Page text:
Bell went directly to the police and it didn’t take them long to zero in on Paul Bateson and arrest him. Although Bateson didn’t seem surprised to be arrested and made a similar confession at the police station, he tried to backtrack and deny everything during the preliminary trial. The judge ruled that his confession was admissible and Bateson ended up being found guilty of murder and sentenced to 20 years in prison.
Around the same time, there was another ongoing investigation into the murders of six unidentified men who had been linked to NYC’s gay scene. The victims were all found dismembered and thrown in garbage bags into the Hudson River. According to court transcripts, duding his sentencing for the Verrill murder, prosecutors briefly tried to also connect the serial killings to Bateson with little evidence to support their theory. All they really had was the fact that the medical examiners said “the person who cut up those bodies was a person who was either a butcher or a person with medical knowledge because of the way the cuts were done.” Bateson, being medically trained—and gay—fit their narrow idea of who the killer must be. The judge ruled that there wasn’t enough to support the theory and Bateson was never charged with those murders.
Meanwhile William Friedkin, the director of The Exorcist, heard about Bateson’s murder conviction and decided to pay him to visit him in prison. In a Hollywood Reporter article, Friedkin briefly mentions the visit and claims that Bateson implied he was considering taking a plea deal and confessing to the other murders. Friedkin has since said the conversation inspired him to make the movie Cruising, which is about a cop who goes undercover in the NYC gay scene to try to catch a serial killer.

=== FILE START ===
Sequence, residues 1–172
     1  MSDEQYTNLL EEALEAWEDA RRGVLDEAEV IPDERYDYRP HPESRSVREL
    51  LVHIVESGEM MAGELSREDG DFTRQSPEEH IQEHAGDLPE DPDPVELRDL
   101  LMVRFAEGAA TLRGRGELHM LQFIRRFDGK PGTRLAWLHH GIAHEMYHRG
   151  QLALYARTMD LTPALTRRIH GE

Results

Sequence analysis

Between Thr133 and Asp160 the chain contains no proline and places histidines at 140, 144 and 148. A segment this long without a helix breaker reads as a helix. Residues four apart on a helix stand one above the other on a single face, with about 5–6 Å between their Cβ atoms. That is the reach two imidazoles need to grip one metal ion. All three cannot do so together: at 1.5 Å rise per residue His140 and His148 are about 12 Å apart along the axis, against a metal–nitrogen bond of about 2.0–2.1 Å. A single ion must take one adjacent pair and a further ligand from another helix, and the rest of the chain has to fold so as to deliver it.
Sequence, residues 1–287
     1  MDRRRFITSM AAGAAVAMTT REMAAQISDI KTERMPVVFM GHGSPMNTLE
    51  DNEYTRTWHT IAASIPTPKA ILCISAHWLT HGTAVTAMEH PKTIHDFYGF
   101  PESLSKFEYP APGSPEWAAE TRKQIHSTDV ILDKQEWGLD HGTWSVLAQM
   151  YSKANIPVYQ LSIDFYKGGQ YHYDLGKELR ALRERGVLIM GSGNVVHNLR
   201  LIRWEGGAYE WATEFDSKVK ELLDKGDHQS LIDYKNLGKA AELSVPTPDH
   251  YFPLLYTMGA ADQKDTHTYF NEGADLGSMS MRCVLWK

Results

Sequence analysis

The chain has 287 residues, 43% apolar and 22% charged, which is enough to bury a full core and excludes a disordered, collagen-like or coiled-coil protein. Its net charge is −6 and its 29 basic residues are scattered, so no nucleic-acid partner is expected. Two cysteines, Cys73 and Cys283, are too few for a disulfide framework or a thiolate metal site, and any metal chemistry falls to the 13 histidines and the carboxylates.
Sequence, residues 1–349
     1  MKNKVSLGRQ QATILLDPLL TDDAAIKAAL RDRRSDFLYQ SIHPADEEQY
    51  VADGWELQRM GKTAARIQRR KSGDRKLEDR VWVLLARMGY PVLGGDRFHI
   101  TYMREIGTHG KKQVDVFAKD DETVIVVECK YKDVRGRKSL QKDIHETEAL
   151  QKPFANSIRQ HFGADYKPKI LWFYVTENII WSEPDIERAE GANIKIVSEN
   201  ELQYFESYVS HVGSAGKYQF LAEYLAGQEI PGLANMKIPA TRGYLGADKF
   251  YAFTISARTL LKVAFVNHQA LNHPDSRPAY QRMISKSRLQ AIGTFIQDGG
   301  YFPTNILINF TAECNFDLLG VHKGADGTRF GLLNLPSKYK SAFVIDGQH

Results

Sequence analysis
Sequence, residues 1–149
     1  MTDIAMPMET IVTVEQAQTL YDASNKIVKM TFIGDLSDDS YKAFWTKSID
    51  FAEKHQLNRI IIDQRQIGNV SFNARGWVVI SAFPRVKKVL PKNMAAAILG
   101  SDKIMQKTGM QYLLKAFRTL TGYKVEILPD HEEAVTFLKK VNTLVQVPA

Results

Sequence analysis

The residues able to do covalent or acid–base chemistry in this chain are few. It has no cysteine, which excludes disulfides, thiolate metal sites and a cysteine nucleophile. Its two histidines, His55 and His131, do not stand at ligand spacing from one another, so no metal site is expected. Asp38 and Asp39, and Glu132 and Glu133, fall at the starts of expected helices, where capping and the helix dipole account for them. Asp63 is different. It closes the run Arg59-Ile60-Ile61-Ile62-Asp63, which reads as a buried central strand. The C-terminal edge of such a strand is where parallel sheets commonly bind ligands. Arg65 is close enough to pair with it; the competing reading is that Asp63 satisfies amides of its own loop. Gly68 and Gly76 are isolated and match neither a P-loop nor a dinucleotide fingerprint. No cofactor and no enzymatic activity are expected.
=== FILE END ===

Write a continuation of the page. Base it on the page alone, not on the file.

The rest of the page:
A 2018 Esquire article looks deeper into the possibility that Bateson was the person responsible for the killings dubbed “the bag murders”, and other than brief mentions of it, there’s no evidence to corroborate the claims. It seems more likely the police suggested to Bateson that if he confessed to these other murders—whether he did them or not—he could get a lighter sentence for the murder he did commit, and they would be able to close the cases.
There is even an episode in the second season of Mindhunter that alludes to this. Bateson is interviewed by two FBI agents in prison and he says the police “keep trying to get me for that,” referring to the murders of the unidentified men. “The cops actually said if I confessed I would do less time on a plea deal. They just want to say they close the books.”
While there are plenty of people who want him to be the one responsible for those unsolved murders, it turns out there isn’t anything concrete to back up the legend that Paul Bateson, actor in The Exorcist, is a serial killer. It’s just another dark story to add to the list of “curses” the production supposedly fell victim to.
Paul Bateson served his time for the murder of Addison Verrill and was released in 2003. What happened to him after that is unknown. The six men who were murdered in the 70s are still unidentified and their murders remain unsolved.
For more of Courtney Hardwick’s fascinating QUEER CRIME series click here.